Moses reviews the history of the wilderness journey, beginning with their cowardice when the 12 spies went to Canaan almost 40 years ago. Moses continues with the almost endless list of their and of their constant complaining and rebellion contrasted with everything God has done for them.  We can see Moses pointing his finger at them and saying, “And despite this thing you do not trust the LORD your God,” (32)

There are several poignant notes in his speech.  One is when he announces publicly that it is not he, but Joshua, who will lead them into the promised land.  Another is when he reminds them that the very children they thought would die in the wilderness have become the brave warriors of Israel: “And your little ones of whom you said they will become prey, and your sons who know not this day good or evil, they it is who will come there, and to them I will give it, and they will take hold of it.” (39)

Moses’ theme is the same as the psalmist’s: You, Israel, have not trusted God, who has provided so much for you. Instead you have complained and rebelled.  But now you are finally here at the edge of the Promised Land.  Take heart; remember God is with you.  How little we have changed over the years: we do not trust God and are cowards instead.  Our call is to remember God is with us and it is only through constant faith in God’s sufficiency that we can undertake fierce battles and win them.  In short, faith is the source of courage.

Luke 4:14-21:  [This is the first time I’ve had to write on the same passage that was the text of Kevin Murphy’s sermon the previous day.]  I think it’s important to remember that Luke writes always with his Gentile audience in mind.  Jesus’ reading of Isaiah in the synagogue is the opening text, I think, for everything that Luke will write about what jesus does and what he says between this moment and the Passion.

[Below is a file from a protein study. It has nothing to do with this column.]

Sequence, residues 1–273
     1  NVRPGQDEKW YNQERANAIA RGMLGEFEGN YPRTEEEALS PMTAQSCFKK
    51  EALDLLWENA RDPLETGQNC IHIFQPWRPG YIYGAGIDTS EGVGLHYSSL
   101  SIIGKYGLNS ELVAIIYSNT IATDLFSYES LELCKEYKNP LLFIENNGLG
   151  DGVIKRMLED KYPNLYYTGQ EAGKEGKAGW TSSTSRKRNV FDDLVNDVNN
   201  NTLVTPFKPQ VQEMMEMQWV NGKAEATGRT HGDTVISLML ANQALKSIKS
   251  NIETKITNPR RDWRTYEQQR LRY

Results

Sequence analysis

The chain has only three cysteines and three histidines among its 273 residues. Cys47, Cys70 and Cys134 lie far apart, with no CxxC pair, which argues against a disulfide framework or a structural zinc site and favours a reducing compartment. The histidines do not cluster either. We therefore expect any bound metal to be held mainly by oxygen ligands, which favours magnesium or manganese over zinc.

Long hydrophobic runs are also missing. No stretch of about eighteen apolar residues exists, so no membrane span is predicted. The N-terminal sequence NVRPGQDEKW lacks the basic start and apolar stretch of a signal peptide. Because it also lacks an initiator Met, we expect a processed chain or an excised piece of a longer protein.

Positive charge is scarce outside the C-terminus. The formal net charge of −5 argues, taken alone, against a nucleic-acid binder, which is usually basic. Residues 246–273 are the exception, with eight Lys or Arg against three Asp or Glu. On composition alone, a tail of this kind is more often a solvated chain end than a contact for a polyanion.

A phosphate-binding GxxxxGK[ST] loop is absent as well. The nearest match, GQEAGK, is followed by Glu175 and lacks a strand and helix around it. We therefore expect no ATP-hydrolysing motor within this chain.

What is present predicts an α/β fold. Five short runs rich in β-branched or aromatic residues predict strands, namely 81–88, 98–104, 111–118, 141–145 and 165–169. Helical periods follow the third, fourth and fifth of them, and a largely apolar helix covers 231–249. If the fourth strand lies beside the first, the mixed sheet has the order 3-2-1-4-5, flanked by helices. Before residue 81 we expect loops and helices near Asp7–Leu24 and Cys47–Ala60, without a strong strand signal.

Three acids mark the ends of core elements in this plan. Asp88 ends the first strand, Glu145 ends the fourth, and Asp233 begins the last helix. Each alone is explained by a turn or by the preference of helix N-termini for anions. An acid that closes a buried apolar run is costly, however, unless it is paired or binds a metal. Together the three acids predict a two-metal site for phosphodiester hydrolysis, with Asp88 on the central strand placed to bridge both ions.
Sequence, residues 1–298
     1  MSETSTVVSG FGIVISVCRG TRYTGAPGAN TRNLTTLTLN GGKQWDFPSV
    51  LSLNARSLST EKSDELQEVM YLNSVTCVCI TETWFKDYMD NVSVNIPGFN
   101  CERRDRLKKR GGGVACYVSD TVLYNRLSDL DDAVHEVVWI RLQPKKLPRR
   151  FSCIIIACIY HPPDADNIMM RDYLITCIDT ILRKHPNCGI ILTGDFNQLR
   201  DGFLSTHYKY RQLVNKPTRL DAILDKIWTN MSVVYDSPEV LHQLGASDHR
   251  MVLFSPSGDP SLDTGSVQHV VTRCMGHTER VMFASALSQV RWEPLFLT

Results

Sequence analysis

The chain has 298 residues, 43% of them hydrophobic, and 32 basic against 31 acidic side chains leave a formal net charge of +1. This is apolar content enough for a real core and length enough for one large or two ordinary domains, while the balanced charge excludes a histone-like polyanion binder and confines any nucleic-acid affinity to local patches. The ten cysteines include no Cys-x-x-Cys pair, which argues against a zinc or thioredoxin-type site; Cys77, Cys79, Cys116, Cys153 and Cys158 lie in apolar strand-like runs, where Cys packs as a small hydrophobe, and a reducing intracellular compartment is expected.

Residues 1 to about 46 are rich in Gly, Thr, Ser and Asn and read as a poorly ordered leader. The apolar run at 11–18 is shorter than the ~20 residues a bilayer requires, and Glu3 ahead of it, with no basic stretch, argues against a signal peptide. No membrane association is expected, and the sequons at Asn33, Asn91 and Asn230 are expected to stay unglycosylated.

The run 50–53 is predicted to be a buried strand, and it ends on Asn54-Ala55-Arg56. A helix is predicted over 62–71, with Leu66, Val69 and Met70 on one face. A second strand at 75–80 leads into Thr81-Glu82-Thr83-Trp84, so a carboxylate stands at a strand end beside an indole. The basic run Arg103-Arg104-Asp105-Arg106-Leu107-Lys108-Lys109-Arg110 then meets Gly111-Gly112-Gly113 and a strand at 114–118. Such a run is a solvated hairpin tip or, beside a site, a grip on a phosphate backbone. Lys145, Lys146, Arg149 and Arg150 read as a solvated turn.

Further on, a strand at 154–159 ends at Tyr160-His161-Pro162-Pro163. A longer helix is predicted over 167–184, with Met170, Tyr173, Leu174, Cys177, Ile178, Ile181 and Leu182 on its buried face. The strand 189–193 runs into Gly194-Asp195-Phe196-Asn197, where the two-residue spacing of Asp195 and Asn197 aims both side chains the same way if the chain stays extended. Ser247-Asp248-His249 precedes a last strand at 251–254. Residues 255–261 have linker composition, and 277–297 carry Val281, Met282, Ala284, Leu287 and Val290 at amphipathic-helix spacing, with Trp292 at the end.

Luke is making it clear by Jesus’ selective quotation of Isaiah 61 that he has not come as the next Rabbi for the Jews, but to do exactly what he reads–and that is for everyone regardless of their tribe.  But especially for the four categories of people he identifies: the poor, the captives, the blind  and the oppressed.

The poor is self-evident and I agree with Kevin, it’s the poor, not the “poor in spirit.”  Nevertheless, the good news is for all of us regardless of our status.

The captives are prisoners and anyone held against their will. I think this includes addictions, as well, as those in actual slavery and in the sex trade.

The blind, I think, includes all who are ill.  But also the who willfully decide not to see who Jesus is, and what he wants to do for them.

The oppressed are like the captives, but one thinks of those who are manipulated or abused by others, especially in domestic situations.  But also people groups, including Christians in the Middle east.

We could make a much longer list, but Luke seals the deal when Jesus says, “Today this scripture has been fulfilled in your hearing.” Not just those listening in the Nazareth synagogue, but all of Luke’s listeners.  Jesus is for all of us.  And in one way or the other we are each and every one of us poor, captive, blind and/or oppressed.  Those are the categories that matter: not our ethnicity or tribe or power or status.